Bus-aster! Seventh Ave’s two lines behaving like one

Bus-aster! Seventh Ave’s two lines behaving like one
Community Newspaper Group / Bess Adler

Park Slope commuters are furious that the two bus lines serving Seventh Avenue continue to bunch up — rendering useless the staggered schedule that is supposed to be enhancing local service.

The Brooklyn Paper clocked buses at Ninth Street for an hour and a half during one morning rush hour, finding that wait times in both directions were far longer than scheduled because the two buses working that route — the B67 and the B69 — kept arriving at the same time.

So rush-hour commuters traveling toward Downtown waited at the Ninth Street stop for up to 24 minutes between 8 and 9:30 am.

The reason? In half the instances, buses were bunched into groups of two or three. So instead of 10 separate buses, effectively, there were only seven.

Morning non-Downtown-bound commuters had their own difficulties. Eight of their 14 buses arrived in groups of two during the same rush hour last week, creating waits of up to 17 minutes.

The situation is driving Park Slope commuters nuts.

“Here they come, two buses in a row! It’s so stupid how they do this,” complained John Powers, as two buses arrived at the exact same time just before 5 pm on Friday afternoon.

Each bus line begins its run on Cortelyou Road in Kensington — but are staggered by five to nine minutes during the morning commute. The lines follow the same path to Seventh Avenue and are supposed to maintain the same five- to nine-minute spacing.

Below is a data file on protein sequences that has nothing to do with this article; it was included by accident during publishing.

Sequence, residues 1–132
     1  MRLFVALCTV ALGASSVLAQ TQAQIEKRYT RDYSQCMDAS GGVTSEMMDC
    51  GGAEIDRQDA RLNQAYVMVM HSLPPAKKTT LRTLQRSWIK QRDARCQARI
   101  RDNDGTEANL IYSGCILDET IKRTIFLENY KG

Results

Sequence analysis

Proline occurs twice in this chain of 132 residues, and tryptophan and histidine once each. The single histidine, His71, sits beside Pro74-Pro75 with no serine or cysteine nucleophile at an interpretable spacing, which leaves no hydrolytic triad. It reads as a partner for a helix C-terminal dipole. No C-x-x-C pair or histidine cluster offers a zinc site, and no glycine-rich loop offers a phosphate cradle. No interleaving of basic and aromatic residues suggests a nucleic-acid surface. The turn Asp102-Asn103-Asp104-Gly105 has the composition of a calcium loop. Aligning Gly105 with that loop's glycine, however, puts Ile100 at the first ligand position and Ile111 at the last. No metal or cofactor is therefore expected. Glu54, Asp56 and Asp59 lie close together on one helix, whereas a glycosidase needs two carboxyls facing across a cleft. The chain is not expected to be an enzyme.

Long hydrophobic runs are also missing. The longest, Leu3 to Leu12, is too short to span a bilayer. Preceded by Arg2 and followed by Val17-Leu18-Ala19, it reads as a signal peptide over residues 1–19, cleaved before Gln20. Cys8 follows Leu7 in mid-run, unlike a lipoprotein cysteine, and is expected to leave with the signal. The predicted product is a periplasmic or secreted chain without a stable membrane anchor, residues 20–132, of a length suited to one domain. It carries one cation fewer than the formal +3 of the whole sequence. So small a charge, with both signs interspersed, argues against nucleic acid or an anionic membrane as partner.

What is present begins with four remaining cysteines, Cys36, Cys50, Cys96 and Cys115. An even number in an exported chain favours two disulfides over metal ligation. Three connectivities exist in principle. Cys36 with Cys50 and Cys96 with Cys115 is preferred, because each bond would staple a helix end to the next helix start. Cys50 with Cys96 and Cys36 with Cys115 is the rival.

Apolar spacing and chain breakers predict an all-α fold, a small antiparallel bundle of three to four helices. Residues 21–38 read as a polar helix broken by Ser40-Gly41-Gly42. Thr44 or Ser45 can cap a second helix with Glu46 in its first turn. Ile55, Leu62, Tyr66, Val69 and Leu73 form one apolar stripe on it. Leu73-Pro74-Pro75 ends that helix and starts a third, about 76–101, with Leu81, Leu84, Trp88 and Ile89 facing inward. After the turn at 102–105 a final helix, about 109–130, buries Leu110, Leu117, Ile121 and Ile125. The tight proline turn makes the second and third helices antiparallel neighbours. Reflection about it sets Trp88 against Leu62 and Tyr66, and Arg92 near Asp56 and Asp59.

But the buses don’t read their own schedules. By 8:13, three Downtown buses arrived together. Commuters then waited for 24 minutes for the next Downtown, which showed up at 8:38 — and had its sister on its heels.

The delays effectively neutralize what could be doubled-up service along Seventh Avenue between 20th Street and Flatbush Avenue — a problem that remains unchanged since last June, when the MTA cut in half the frequency of the B67 and moved the B69 to Seventh Avenue from Eighth Avenue as part of a cost-cutting measure.

Officials were informed of the problem in July, and they promised to fix the persistent “scheduling snags.”

These changes were part of massive, borough-wide overall of the bus system, which either cut or restructured 26 bus lines, saving the MTA $100 million.

But it wasn’t enough: three months ago, the MTA raised the price of a single bus ride 25 cents, bringing the cost to $2.50.

The fare hike combined with bad service has Seventh Avenue commuters indignant.

“It’ll take like 45 minutes, and then two or three buses will come together,” complained Candy Pereira, of East New York, who was traveling downtown at 5 pm on Friday afternoon. “And they just raised the prices!”

MTA spokeswoman Deirdre Parker blamed the conditions last week on the lingering snow, but said that the MTA would “take a look at the situation to see if anything else can be done.”